There are eight million people in the Garden State according to the last census. We use an average of about 400-600 plastic and/or paper bags each year (EPA Municipal Solid Waste Report, and Pulitzer Prize winning journalist Edward Humes in Garbology). “So what?” You might ask. This is what...
Each plastic bag costs merchants between 2-5 cents. Each paper bag costs 6-23 cents. There is no free lunch, and there is no free bag. Merchants pass the cost along to us, the consumers. Most merchants feel that they have to offer “free” bags because people expect them (we consumers can be picky sometimes).
This adds up to about $96 million a year in New Jersey, just on these stupid bags that no one really likes. So the merchants have higher overhead, and we the consumers have to pay more for our purchases in order to get our “free” bags.
The next time you look in your kitchen cupboard, or under the sink, or drawer, or wherever you stash these omnipresent “free” bags, think “this is my share of the $96 million.” What a waste!
Merchants do not have to give us “free” bags. They could charge for the bags. Make the bag another product to be sold, and not a supply, hidden in the overhead of the store.
Some establishments like Ikea and Whole Foods charge for bags. You bring your own bag, and you donʼt get charged. Some establishments like CostCo and Samʼs Club have never offered bags, and somehow their customers manage to get the purchases home. None of these stores seem to be hurting.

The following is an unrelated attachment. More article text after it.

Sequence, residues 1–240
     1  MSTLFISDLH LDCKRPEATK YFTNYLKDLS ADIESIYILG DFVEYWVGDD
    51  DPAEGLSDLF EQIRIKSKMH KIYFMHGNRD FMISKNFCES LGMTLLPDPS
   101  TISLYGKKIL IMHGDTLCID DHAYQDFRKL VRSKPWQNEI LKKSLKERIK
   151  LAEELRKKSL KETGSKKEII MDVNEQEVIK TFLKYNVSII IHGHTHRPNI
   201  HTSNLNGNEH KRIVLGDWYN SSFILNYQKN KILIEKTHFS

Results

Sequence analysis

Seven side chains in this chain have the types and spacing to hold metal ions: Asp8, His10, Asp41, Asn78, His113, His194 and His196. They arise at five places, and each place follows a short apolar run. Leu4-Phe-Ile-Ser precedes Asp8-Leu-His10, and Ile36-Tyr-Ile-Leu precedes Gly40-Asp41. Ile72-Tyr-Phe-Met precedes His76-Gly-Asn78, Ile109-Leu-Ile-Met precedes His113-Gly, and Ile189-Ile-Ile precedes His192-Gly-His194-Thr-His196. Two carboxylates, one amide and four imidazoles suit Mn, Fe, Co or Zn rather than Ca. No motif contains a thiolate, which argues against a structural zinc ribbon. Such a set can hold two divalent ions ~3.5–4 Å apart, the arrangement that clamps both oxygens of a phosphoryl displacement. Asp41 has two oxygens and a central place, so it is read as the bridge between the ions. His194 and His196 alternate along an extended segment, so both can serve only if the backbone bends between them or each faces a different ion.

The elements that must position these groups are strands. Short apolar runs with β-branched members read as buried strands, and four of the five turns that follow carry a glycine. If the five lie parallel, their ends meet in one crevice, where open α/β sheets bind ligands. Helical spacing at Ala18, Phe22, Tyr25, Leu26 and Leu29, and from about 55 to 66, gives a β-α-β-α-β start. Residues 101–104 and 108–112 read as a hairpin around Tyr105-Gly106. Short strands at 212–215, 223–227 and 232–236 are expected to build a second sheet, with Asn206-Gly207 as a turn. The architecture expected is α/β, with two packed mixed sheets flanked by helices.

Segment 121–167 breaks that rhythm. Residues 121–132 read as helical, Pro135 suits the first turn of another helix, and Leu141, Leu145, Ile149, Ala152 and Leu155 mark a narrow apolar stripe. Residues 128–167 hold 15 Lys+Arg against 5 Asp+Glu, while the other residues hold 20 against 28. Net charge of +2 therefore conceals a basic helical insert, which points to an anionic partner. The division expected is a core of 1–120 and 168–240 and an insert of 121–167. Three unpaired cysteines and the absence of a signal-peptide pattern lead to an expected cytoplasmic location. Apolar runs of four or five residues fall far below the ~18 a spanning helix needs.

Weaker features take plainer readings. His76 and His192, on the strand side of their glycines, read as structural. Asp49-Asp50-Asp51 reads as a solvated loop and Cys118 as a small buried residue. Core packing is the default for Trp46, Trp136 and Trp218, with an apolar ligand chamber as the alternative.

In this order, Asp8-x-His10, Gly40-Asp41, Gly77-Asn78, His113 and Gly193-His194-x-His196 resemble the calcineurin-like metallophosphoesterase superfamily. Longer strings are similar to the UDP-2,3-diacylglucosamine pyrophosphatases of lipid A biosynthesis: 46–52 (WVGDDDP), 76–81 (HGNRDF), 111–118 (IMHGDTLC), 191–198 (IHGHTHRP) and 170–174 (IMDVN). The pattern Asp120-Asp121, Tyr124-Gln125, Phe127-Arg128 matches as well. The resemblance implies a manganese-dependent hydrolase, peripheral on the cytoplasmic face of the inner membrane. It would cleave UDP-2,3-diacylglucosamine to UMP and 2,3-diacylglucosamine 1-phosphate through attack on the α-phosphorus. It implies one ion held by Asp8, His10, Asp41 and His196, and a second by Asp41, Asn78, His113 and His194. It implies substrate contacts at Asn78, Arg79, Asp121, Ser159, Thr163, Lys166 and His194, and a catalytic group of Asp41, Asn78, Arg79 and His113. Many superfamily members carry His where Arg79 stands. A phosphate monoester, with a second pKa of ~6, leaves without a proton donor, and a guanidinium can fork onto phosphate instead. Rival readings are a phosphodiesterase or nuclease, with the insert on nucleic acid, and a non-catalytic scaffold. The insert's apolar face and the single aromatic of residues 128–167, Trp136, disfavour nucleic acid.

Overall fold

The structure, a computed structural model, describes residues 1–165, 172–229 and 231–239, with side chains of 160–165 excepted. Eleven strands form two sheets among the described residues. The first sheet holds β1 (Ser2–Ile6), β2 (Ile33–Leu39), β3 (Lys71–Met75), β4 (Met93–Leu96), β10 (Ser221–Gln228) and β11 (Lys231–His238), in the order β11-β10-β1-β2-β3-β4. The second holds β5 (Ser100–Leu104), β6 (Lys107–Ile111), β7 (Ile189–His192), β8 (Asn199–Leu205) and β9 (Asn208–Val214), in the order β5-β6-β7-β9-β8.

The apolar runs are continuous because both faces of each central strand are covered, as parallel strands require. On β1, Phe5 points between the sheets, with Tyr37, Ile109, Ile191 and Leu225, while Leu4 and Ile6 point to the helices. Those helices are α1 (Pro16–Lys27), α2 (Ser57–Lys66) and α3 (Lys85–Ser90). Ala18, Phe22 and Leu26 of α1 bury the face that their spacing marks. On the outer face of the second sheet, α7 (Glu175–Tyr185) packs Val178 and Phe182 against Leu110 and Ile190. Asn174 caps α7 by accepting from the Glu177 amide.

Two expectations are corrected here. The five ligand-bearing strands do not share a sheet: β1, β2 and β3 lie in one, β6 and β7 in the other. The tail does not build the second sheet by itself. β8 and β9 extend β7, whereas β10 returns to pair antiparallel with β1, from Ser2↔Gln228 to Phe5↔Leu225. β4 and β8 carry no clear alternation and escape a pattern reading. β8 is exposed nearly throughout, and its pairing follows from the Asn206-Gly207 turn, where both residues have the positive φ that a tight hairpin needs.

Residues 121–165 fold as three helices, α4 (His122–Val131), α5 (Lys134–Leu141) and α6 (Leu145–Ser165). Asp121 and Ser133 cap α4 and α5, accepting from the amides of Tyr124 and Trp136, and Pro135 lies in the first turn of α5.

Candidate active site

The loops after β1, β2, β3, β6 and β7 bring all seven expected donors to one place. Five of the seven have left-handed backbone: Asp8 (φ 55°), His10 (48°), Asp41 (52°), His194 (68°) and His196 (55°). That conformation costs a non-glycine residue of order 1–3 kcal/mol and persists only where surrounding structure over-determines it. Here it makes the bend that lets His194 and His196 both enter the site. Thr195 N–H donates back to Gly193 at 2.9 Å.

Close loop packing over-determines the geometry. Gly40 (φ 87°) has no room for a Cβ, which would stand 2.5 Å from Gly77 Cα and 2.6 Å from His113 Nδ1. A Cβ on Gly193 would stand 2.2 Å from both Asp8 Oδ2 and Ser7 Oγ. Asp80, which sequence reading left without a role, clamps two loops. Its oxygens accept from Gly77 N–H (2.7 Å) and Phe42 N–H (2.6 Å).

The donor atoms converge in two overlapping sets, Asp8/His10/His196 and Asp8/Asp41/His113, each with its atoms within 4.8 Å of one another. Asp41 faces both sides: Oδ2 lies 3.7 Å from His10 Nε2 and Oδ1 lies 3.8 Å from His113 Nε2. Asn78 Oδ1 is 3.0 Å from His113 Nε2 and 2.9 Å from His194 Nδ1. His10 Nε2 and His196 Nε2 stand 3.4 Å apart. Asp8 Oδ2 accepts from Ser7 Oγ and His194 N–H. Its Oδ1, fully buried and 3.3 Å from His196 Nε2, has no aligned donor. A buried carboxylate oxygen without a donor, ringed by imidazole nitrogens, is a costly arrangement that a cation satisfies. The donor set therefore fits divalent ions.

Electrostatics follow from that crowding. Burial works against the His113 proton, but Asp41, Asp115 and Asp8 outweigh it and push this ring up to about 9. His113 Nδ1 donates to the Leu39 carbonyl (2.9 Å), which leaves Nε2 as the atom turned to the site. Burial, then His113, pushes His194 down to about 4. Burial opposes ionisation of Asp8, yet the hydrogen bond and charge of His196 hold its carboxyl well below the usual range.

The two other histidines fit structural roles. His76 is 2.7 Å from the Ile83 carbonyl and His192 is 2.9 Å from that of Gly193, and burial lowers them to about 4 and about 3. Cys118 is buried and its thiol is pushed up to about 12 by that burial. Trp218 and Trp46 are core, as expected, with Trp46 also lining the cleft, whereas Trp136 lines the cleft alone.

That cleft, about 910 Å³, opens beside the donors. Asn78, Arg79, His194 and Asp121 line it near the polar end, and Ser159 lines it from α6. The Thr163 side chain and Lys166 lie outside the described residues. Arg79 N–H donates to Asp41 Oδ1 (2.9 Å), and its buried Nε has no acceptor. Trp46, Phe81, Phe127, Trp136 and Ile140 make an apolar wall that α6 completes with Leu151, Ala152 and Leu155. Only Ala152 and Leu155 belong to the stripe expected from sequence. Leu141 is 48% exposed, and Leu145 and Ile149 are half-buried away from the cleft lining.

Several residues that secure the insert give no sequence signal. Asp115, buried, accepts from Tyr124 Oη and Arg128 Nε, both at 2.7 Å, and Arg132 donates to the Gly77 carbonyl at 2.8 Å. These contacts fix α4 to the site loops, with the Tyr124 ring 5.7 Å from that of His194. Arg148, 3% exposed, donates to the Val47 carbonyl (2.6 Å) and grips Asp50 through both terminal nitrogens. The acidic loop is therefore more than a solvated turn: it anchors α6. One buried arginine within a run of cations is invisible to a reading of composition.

So can we put an end to the “free” bag charade in New Jersey? Senate Bill S-812 proposes to do just that. Charge the people who really need a bag 5 cents for the bag. The merchant keeps 20 percent, the state gets 80 percent to apply to cleaning up our environment, starting with Barnegat Bay.
S-812 is very similar to the popular and successful “Anacostia River Clean Up and Protection Act” that is working in Washington D.C. Bag consumption is down by almost 90 percent. Bag pollution in the Anacostia River is down by about 60 percent.
Consumers are saving money, merchants are saving money, and the 10 percent of the people who really need single use disposable shopping bags are buying them. The 90 percent who can do without the bags are reclaiming the spaces under their kitchen sinks and cupboards. Youʼd be surprised how a small fee like a nickel causes you to think “do I really need that bag?” And most often, the answer is no.
Help show your support for S-812 by contacting your state senator or assemblyperson. You can ﬁnd them pretty easily at http://www.njleg.state.nj.us/members/legsearch.asp.
I guarantee theyʼve heard from the Plastics Industry, the recipients of the 96 million dollars each year. So now it is time for our elected officials to hear from us, the consumers who are tired of wasting $96 million on bags.
You can also sign the online petition to support NJ Senate Bill S-812, at http://signon.org/sign/vote-yes-on-plastic-bag?source=c.url&r_by=6192830.
The movement to create a fee for plastic and paper bags is gaining ground, as more people realize that they can save money, do something good for the environment, and declutter their homes if they donʼt have to subsidize other peopleʼs “free” bags.
Letʼs make history, and be the ﬁrst state to pass a bill like S-812.
- Noemi De La Puente, Sustainable Lawrence